Our Bears


Age: 11


Date of birth: November 30, 2009


Place of birth: Zoo Sauvage de Saint-Félicien, Quebec


Arrival at the Habitat: June 2012


Name: Ganuk is an Inuktitut word that means snowflake, and he is certainly one-of-a-kind


Ganuk, the eldest son of Inukshuk, was born at Zoo Sauvage de Saint-Félicien with his twin sister Taiga in 2009. Ganuk arrived at the Habitat in 2012 after having been separated from his mother and sister in 2011.


In 2016, Ganuk and Henry were introduced, and their relationship has developed well since. Ganuk's docile and patient demeanour is a perfect accompaniment to Henry's ever-active personality. The time he spends with Henry encourages him to be more active – something he isn’t always motivated to do on his own.


As Ganuk is the longest resident at the Habitat, he is also the most familiar with the procedures involved in his care, and he has been known to use his knowledge to his advantage. 


Ganuk responds well to voluntary training and is often the first of the bears to learn a new behaviour or participate in a new aspect of medical care. He was the first to voluntarily give blood, the first to participate in ultrasound exams, and remains the only bear to roll over in the training crate.


Ganuk may be the largest bear but he is by far the most particular when it comes to his diet. He happily eats seal meat and moose meat, but he avoids highly nutritious seal blubber and the less meaty parts of the fish. Animal care staff discovered the perfect way to ensure he eats a proper diet - all of the fish heads, tails and seal oil are ground together into a mash and then fed to him using a spoon. A method which he and the animal care staff love!


Ganuk tends to lumber along at his own pace, and he avoids being outside when it’s raining.

While his weight fluctuates seasonally, Ganuk is usually our heaviest bear at between 1,000 and 1,100lbs (450 to 500kg). He is affectionally - and aptly - known as our gentle giant. 



Age: 8

Date of birth: May 9, 2013


Place of birth: Sea World Gold Coast, Australia


Arrival at the Habitat: October 2015


Name: Henry was named after sea explorer Henry Hudson, who was the first European to see the Hudson Bay.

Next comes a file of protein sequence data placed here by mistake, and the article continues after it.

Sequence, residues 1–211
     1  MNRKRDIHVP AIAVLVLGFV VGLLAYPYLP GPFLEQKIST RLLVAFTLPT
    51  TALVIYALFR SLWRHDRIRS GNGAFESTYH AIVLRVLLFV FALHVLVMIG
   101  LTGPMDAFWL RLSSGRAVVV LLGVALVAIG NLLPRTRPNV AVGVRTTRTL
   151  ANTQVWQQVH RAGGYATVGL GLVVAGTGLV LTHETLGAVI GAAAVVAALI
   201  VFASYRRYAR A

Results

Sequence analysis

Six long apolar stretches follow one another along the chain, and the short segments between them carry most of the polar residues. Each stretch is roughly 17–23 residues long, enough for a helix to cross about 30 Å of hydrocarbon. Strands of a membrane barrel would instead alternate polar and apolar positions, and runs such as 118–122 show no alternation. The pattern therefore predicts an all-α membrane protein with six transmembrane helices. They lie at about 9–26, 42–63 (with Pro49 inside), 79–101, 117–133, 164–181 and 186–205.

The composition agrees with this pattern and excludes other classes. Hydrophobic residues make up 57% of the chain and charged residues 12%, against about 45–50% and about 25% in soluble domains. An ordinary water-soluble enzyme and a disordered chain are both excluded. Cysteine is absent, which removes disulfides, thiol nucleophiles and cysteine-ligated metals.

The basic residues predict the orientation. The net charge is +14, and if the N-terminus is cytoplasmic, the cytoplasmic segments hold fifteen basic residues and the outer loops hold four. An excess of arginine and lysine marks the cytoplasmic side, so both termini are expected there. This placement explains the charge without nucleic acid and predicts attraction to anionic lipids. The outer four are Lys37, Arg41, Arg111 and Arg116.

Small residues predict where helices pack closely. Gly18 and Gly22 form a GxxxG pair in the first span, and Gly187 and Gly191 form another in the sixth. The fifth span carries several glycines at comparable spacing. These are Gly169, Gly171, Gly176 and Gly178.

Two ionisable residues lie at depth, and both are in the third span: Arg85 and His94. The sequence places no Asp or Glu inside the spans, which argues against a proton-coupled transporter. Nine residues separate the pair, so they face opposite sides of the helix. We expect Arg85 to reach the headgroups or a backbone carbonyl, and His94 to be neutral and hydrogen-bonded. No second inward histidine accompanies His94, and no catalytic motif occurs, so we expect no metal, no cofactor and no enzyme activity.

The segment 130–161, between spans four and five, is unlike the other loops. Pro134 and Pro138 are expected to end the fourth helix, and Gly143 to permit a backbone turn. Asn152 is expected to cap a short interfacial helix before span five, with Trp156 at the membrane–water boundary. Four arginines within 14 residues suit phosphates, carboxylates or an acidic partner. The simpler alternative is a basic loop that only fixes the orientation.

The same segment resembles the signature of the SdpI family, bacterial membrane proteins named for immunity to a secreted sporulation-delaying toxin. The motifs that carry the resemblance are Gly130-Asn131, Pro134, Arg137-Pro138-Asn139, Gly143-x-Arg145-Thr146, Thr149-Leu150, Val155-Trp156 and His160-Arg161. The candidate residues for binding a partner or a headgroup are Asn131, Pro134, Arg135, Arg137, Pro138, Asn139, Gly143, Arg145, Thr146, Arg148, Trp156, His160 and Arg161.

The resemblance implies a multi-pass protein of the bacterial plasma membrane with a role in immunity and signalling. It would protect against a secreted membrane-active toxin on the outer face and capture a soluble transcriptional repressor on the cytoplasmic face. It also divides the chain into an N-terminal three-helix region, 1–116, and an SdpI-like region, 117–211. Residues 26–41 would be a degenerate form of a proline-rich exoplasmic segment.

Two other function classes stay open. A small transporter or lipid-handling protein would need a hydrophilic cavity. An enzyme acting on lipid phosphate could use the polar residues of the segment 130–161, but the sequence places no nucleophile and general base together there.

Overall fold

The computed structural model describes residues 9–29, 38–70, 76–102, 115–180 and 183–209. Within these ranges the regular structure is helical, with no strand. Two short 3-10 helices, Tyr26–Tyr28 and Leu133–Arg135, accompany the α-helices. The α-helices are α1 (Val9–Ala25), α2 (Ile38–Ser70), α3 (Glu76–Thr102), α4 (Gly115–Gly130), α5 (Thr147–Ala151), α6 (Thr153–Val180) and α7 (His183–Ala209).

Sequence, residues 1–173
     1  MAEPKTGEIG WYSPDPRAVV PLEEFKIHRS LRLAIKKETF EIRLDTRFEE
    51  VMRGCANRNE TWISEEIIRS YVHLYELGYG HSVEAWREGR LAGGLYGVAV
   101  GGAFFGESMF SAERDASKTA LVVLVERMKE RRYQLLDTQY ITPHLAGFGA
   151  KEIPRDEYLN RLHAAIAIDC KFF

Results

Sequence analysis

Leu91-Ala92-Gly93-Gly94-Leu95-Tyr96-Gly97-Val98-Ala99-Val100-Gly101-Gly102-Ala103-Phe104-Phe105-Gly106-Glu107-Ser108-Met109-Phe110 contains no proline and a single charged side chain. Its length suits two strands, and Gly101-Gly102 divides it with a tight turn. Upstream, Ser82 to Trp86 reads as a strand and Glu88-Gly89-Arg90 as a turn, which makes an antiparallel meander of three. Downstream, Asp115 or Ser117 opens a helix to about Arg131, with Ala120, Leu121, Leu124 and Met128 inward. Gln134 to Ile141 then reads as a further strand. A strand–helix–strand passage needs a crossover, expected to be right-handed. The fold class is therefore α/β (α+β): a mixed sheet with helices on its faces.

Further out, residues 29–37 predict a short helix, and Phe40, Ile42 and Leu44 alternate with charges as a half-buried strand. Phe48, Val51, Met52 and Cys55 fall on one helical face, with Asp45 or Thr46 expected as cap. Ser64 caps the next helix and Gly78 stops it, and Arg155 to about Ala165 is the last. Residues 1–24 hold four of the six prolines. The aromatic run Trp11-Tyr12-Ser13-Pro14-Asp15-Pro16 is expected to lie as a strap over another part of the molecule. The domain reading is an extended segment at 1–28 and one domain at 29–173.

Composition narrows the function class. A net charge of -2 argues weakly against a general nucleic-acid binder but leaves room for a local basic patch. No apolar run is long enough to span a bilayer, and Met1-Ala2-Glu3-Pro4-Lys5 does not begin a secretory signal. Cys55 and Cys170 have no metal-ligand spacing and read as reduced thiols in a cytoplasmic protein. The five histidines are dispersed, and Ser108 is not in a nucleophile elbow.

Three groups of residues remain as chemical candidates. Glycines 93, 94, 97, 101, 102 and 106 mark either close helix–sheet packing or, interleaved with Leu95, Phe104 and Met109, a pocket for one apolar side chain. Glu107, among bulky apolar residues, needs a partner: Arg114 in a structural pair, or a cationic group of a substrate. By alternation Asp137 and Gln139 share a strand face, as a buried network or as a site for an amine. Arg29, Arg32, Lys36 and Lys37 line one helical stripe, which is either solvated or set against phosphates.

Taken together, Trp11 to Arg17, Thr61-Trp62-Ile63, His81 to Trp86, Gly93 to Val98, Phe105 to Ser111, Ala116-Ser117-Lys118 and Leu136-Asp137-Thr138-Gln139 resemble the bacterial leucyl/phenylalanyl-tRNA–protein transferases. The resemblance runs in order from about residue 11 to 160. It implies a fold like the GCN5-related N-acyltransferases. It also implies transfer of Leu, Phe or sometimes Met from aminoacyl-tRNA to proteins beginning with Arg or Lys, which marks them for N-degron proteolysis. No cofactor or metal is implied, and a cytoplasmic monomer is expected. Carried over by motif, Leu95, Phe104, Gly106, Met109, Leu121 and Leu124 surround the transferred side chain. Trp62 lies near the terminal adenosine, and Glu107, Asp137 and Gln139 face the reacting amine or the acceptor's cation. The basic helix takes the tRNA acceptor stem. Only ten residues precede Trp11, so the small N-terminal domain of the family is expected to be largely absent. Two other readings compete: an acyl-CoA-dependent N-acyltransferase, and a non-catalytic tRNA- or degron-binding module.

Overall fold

At the time of his birth, Henry was the first polar bear born in Australia in 30 years. 

He stayed with his mother until he was two, at which point she started showing signs of wanting to separate from him, as would happen in the wild.

Henry moved from his birthplace in October of 2015, but he still has a dedicated Aussie following. After a long, three day journey across the world, from the Southern hemisphere to the Northern hemisphere, Henry finally arrived in his new home of Cochrane, Ontario.


He faced a lot of changes in his new home but one thing he took an instant liking to, was snow! It took him a bit longer to warm up to moose meat, seal meat, and seal oil, although now seal oil is among his favourite things.


His introduction to Ganuk in 2016 represented a turning point for Henry, as he seemed to finally settle in at the Habitat. His progress continued after his introduction to Inukshuk in 2018.


Henry is the most active and enjoys spending his time with the other bears or his enrichments. He prefers to enter the pool bottom first, breaking the ice which forms in the pools and lake, and is known to hoard all of the toys to himself!

Henry is sexually mature and a healthy 920lbs (418kg), but is still considered a sub-adult male and will continue to grow for a few more years.  He is expected to top 1,000lbs (450kg).

Henry Pool-307_edited.jpg
Henry Snow-2.jpg


Age: 18


Date of birth: Winter of 2002/2003


Place of birth: In the wild near Fort Severn, Ontario


Arrival at the Habitat: 2016 full-time (2012 initial)


Name: Inukshuk is an Inuktitut word for the marker stones or cairns which are built in the Arctic tundra, probably as landmarks. The literal meaning of the word is “that which acts in the capacity of a human.”


Inukshuk was orphaned near Fort Severn, ON, when he was about three months old, in early 2003.


He was kept overnight at the local police station then moved to the Toronto Zoo, since young bears need at least two years with their mothers to learn how to survive in the Arctic.


Since 2012, he has spent most of his time at the Habitat, returning to the Toronto Zoo occasionally. He has been at the Habitat permanently since 2016.


In his time at other facilities, he fathered five cubs: Ganuk, Taiga, Hudson, Humphrey, and Juno.


When care staff at the Habitat first met Inukshuk, he was a bit misunderstood. However, with lots of time and dedication from both care staff and Inukshuk, they were able to connect with him and better understand his needs. 

Now, he is the most likely to spend time in the company of people, and he is comfortable enough that he often falls asleep near animal care staff.


He is the bear most likely to nap in a pool – or anywhere, for that matter.  Inukshuk tends to dig himself daybeds in the snow, grass, dirt, or other substrate in his environment. He also has a unique napping position, with his arms back and his rear end in the air, although Ganuk is now starting to learn this technique.


When Inukshuk was introduced to Henry and Ganuk in 2018, it was the first time he had direct contact with any other males.  It quickly became clear that he would be the one to set the rules (Henry sometimes forgets this). 


His time with Henry in particular has been positive for Inukshuk’s muscle development and has enhanced his ability to communicate with other bears.


Inukshuk seems the most excited by food, and seal blubber is his favourite. 


After four years of training, Inukshuk voluntarily gave blood for the first time in 2020. He was the last of the bears to do so. 

Inukshuk usually weighs around 1,000lbs (450kg) and is the polar bear at the Habitat who is most like the characteristic full-grown male.